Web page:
Press Release May 23, 2018

Wyoming Approves Fall Hunt of Grizzly Bears Near Yellowstone and Grand Teton

23 Greater Yellowstone Ecosystem grizzly bears, including females, will be hunted this fall

LANDER, WYOMING – In a unanimous vote, the Wyoming Game and Fish Commission approved its proposal to allow hunting this fall of 23 Greater Yellowstone Ecosystem grizzly bears. Grizzly bears including those that make their homes in and around Grand Teton and Yellowstone National Parks will be at risk from hunting this fall, for the first time in more than 40 years.

The grizzly hunt is in response to the removal of federal protections for Greater Yellowstone Ecosystem grizzlies. The removal was finalized in July of 2017 and prompted lawsuits by National Parks Conservation Association and tribal and conservation groups, for the final rule’s failure to ensure the Yellowstone bears’ long-term health.

Statement by Bart Melton, Northern Rockies Regional Director for National Parks Conservation Association

“The Wyoming Game and Fish Commission has ignored concerns raised by Wyoming residents and national park supporters across the country by approving its destructive grizzly hunting plan. For the first time in decades, 23 Greater Yellowstone Ecosystem grizzly bears including females will be hunted this fall on lands neighboring Grand Teton and Yellowstone National Parks.

“Visitors to Yellowstone and Grand Teton this summer may be among the last to experience the joy of seeing some of these incredible animals alive in our national parks. The grizzly bears that have gained international fame through the stories and photographs of park visitors regularly leave park borders and will be among those at risk this fall.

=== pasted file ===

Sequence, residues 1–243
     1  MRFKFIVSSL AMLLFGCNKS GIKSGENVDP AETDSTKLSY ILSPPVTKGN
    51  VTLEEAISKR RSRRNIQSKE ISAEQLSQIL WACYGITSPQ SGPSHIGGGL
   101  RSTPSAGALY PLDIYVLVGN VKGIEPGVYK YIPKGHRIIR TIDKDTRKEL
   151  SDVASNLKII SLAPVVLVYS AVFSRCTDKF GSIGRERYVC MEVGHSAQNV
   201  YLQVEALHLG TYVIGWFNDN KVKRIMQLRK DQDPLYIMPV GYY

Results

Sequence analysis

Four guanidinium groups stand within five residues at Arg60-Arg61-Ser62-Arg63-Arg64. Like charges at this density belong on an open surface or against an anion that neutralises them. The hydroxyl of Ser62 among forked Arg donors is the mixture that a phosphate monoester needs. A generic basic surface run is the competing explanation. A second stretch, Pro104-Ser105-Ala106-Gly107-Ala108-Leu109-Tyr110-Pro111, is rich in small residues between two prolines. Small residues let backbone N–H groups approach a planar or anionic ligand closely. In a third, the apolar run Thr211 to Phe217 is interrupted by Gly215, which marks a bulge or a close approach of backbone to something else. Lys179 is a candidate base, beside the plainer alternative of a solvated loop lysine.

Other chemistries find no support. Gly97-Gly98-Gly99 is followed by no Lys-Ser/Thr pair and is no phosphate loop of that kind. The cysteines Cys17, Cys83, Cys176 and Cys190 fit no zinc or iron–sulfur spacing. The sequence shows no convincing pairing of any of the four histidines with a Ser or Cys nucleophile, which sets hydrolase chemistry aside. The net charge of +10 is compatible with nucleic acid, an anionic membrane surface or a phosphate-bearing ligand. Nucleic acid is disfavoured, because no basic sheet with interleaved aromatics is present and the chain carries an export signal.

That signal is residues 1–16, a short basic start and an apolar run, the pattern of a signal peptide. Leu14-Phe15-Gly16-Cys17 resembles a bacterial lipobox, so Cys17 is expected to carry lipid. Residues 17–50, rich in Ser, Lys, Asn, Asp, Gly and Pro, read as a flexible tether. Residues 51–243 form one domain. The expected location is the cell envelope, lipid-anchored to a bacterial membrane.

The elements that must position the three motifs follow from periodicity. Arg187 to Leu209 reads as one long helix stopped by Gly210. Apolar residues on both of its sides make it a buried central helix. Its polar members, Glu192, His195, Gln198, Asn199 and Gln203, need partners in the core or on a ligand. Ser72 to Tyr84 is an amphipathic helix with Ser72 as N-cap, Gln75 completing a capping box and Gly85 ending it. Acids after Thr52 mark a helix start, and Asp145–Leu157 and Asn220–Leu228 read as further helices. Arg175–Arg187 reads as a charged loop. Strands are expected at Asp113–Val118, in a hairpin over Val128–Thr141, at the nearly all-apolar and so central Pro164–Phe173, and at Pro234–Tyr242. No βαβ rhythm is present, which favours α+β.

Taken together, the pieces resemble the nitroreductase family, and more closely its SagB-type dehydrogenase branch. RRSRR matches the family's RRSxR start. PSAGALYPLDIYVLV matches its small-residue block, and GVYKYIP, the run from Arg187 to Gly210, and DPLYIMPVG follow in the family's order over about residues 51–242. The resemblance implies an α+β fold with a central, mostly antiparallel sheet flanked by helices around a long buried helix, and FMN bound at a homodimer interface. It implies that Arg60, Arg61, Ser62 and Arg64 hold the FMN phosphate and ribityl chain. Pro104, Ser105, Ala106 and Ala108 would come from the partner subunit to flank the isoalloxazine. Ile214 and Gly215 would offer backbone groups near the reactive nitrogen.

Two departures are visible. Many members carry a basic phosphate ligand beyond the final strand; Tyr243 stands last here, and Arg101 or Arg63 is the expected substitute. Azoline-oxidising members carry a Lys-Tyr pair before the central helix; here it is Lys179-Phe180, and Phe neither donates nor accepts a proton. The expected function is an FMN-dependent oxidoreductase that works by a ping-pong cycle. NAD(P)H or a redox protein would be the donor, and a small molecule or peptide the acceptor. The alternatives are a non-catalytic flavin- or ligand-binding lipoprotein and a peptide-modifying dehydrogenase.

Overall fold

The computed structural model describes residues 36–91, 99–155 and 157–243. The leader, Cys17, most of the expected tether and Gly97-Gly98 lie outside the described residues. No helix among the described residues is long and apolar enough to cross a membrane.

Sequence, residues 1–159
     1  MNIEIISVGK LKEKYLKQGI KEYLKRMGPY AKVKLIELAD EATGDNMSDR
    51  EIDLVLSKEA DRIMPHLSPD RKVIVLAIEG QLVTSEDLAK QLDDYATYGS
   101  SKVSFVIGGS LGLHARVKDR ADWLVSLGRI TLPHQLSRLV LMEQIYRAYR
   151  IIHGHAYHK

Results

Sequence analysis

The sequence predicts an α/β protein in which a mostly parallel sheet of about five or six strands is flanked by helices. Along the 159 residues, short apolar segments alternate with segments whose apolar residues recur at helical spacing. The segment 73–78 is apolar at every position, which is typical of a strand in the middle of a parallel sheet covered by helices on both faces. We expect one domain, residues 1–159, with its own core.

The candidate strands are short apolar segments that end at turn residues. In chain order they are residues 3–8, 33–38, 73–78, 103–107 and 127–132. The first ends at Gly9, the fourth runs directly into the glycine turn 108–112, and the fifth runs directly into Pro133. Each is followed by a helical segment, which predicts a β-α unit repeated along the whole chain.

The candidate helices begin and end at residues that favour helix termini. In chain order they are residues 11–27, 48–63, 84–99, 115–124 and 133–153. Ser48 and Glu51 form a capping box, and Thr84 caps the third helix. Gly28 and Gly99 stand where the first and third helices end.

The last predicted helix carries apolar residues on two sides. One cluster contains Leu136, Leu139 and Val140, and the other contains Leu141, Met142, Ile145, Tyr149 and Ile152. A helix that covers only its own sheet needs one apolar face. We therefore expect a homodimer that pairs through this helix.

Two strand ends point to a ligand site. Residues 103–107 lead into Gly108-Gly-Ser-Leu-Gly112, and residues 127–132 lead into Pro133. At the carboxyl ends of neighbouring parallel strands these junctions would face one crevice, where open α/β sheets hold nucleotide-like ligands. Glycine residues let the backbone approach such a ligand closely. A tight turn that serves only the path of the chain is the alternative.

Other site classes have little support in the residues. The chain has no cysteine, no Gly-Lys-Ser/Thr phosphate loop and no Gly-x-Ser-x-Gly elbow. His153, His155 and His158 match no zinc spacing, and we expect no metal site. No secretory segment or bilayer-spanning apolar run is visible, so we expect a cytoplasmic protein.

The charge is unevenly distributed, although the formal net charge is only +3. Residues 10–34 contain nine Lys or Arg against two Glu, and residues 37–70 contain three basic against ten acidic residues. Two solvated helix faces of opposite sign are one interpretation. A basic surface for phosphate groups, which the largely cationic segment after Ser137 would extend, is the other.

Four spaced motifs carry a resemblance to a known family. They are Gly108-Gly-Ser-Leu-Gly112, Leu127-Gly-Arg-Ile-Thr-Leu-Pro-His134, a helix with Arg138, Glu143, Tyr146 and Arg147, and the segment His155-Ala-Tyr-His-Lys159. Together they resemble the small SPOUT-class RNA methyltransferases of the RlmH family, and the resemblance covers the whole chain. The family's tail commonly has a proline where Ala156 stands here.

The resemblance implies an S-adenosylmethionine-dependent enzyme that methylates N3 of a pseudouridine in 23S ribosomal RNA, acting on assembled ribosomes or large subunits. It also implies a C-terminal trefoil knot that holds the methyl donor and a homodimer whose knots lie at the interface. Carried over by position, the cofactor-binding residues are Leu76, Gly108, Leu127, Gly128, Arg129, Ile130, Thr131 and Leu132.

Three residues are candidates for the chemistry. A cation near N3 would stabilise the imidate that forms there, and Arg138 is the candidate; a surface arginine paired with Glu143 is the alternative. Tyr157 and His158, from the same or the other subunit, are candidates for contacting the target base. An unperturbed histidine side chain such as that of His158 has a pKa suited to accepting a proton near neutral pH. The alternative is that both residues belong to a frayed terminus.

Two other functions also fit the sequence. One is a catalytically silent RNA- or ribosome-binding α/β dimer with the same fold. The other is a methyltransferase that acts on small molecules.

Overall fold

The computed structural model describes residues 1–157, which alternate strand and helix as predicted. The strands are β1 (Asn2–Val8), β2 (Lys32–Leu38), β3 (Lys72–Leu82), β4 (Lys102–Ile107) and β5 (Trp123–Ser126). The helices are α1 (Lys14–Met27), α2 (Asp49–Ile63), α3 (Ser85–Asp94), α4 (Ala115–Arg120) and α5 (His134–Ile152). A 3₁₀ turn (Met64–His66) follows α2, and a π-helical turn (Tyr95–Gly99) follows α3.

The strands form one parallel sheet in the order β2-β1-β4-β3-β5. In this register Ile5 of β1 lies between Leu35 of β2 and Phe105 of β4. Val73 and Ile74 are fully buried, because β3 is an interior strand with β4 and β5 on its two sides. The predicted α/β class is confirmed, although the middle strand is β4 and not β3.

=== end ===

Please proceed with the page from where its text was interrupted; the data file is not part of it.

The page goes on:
“National Parks Conservation Association was joined by nearly 40,0000 national park wildlife supporters who urged Governor Mead to stop the proposal for the first grizzly hunt since 1975. This hunt follows a flawed removal of federal protections for the great bears that we fear will result in fewer bear sightings by visitors and increased risk for future of this species that was not so long ago at the brink of extinction.”

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About National Parks Conservation Association Since 1919, the nonpartisan National Parks Conservation Association has been the leading voice in safeguarding our national parks. NPCA and its 1.3 million members and supporters work together to protect and preserve our nation’s most iconic and inspirational places for future generations. For more information, visit

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